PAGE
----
The Bradgate Park & Swithland Wood Estate contains two Sites of Special Scientific Interest, notable for both biological and geological features.
BRADGATE PARK – One of the best sites in Leicestershire for many types of plants and animals.
Bradgate is renowned for its fine herds of deer but the Park is also a hugely important site for a wide range of plants and animals. There are too many to list here but some of the key highlights are:
- The only certain Adder population remaining in Leicestershire is found in the Park;
- Some lichens that occur on the Park walls are estimated to be 300 years old;
- The Park contains the largest population of ancient trees in Leicestershire;
- Swithland Wood is the most important ancient semi-natural woodland in Leicestershire and one of the most diverse in Britain;
- Swithland Wood meadow is one of the best remaining of its type in the East Midlands;
- The River Lin contains populations of the threatened native White-clawed Crayfish, Brook Lamprey (a primitive fish) and native Brown Trout (rare in Leicestershire);
- More than 100 species of spider, including two that are nationally notable, have been recorded in the Park, making it one of the best sites in Leicestershire;
- At least five species of bat occur in the Park, which contains the only known Noctule bat roost in Leicestershire, in an old tree;
- Many nationally scarce beetles occur in the Park, including a Red Data Book List 1 ‘endangered’ wood decay species;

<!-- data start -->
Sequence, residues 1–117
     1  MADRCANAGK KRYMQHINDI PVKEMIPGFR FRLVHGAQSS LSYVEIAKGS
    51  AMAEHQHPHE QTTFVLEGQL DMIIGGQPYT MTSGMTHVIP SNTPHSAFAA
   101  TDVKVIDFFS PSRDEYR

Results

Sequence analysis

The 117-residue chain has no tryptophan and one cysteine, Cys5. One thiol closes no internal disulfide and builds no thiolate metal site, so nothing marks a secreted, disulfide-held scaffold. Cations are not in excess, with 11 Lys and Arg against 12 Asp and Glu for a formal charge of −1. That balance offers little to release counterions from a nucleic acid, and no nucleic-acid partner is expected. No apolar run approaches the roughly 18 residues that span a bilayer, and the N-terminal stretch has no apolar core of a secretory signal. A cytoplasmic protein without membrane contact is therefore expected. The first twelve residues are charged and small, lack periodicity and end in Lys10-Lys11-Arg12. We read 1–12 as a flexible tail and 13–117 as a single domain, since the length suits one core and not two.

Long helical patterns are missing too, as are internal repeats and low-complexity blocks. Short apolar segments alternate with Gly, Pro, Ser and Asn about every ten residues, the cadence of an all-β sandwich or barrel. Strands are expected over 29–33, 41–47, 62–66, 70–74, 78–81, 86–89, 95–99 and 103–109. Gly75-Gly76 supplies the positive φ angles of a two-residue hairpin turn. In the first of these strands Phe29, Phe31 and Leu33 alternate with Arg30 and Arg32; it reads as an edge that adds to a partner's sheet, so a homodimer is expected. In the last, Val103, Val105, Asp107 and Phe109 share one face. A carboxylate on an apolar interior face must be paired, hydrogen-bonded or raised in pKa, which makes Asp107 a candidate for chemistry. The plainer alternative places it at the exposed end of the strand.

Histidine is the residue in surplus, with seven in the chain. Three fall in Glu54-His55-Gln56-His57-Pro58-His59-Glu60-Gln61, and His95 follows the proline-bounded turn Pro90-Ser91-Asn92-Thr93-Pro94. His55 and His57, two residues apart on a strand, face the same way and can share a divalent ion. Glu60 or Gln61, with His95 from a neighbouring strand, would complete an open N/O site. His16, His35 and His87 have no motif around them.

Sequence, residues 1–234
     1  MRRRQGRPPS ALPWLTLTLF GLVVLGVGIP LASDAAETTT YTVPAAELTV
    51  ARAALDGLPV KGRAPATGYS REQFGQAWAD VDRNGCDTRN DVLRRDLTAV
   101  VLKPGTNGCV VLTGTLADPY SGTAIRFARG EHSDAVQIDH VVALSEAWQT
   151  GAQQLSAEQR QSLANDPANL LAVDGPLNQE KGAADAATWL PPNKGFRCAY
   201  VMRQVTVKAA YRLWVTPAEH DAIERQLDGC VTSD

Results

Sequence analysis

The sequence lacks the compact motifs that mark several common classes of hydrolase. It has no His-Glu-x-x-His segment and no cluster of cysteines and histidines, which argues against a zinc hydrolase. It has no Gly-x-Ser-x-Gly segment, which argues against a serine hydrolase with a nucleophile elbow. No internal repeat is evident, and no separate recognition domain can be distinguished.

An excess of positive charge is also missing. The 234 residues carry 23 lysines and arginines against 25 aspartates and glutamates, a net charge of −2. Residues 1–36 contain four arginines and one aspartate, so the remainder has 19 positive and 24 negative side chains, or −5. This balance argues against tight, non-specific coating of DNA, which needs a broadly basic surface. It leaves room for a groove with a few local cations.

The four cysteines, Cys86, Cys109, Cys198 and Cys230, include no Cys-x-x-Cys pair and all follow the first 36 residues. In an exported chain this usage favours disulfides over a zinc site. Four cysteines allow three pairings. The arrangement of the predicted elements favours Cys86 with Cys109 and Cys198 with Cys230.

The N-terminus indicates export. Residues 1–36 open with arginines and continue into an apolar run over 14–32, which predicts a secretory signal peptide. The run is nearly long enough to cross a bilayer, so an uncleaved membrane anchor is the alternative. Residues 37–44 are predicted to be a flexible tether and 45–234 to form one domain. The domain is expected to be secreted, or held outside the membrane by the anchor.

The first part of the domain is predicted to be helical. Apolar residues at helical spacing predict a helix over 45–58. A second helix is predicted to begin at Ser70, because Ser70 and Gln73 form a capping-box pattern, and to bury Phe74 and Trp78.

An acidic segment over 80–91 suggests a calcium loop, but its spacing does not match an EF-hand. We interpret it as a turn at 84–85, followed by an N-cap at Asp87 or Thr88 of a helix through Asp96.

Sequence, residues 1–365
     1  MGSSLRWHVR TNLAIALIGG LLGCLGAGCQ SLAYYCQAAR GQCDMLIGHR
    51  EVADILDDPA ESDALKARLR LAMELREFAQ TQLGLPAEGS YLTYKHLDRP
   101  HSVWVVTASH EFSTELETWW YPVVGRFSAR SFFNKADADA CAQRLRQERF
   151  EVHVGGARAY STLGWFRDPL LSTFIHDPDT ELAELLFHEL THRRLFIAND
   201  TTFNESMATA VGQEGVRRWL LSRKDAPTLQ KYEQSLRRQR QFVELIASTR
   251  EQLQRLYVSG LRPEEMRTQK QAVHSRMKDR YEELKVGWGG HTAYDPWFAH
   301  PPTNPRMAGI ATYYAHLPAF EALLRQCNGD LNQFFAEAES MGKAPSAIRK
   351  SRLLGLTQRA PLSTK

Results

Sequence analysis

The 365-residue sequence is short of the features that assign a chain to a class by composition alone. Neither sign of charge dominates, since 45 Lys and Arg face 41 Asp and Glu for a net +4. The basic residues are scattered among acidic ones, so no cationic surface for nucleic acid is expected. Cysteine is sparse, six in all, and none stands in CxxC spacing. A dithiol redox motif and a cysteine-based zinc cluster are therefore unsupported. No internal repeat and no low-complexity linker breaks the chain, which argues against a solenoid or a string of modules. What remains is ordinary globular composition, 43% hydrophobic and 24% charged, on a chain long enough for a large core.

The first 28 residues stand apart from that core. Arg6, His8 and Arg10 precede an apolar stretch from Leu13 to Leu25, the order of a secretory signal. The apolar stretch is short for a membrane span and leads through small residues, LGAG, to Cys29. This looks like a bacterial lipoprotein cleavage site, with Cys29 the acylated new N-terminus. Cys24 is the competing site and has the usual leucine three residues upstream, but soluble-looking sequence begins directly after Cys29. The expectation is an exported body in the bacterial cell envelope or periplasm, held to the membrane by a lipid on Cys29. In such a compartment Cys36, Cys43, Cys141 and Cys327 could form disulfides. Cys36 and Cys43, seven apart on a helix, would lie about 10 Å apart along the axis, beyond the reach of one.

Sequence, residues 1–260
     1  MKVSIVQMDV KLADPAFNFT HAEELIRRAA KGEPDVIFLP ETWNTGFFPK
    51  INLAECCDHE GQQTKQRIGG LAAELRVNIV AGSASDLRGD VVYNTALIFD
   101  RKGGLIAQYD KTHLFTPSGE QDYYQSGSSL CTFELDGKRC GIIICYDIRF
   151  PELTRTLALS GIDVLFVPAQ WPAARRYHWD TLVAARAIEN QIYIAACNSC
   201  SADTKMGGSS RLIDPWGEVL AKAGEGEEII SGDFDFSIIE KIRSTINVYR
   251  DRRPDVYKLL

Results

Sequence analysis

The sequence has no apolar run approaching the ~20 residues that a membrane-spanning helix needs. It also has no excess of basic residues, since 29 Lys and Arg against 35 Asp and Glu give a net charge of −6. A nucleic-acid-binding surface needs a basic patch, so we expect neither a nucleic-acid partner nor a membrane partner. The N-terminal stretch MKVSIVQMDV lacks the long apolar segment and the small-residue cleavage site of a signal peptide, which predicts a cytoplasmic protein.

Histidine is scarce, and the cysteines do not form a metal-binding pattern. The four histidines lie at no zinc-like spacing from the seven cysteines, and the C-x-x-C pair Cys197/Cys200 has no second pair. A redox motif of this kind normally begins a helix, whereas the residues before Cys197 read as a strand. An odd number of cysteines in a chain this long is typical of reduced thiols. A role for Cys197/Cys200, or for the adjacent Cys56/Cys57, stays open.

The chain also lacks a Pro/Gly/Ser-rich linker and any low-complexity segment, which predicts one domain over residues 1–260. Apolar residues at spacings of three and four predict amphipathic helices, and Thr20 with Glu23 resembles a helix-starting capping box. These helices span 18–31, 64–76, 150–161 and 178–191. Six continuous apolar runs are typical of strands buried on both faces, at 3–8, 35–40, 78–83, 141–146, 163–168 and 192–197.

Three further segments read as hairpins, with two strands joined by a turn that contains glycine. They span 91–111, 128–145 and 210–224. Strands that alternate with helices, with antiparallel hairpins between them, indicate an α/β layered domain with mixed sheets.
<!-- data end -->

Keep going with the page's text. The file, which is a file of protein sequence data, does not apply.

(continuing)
- Bradgate Park is the only currently known recent site for Snow Flea Boreus hyemalis, the only previous record is from Swithland Wood;
- Bradgate Park is one of only two sites in Leicestershire for the Green Tiger Beetle;
- Shepherd’s Cress Teesdalia nudicaulis, which occurs on spoil heaps in Swithland Wood, is classified as ‘near threatened’ at a national level;
- A colony of the nationally notable plant Henbane occurs around the ruins and estate office, together with Deadly Nightshade and other plants that were probably introduced centuries ago for their herbal and medicinal properties;
- Other notable species include that occur on the estate include the Palmate Newt, Slow-worm, a number of declining birds such as Meadow Pipit, Tree Pipit, Yellowhammer and Reed bunting, and a range of locally notable flowering plants, ferns, lichens, fungi, mosses and liverworts
We are grateful to the local naturalists who carry out wildlife recording at Bradgate, in particular the members of Loughborough Naturalists’ Club, Leicestershire & Rutland Ornithological Society, Leicestershire Fungi Study Group and the Leicestershire Bat Group.
The data they gather is vital in helping us to monitor the health of our habitats and the effectiveness of our management.
You can download some of their records below:
The geology of Charnwood Forest has had a great influence on the flora and fauna of Bradgate. The rock outcrops in the Park are exposures of the late Precambrian period. They were deposited as volcanic ash and other debris on the flanks of islands similar to those of the modern day Caribbean. Other molten igneous rocks subsequently intruded into the rock sequence at a later date. All these rocks rank as some of the oldest in the country. Some are over 560 million years old and are of international renown. More recent Mercia Mudstones (Keuper Marl) form the geology of the lower lying areas to the east of the Park.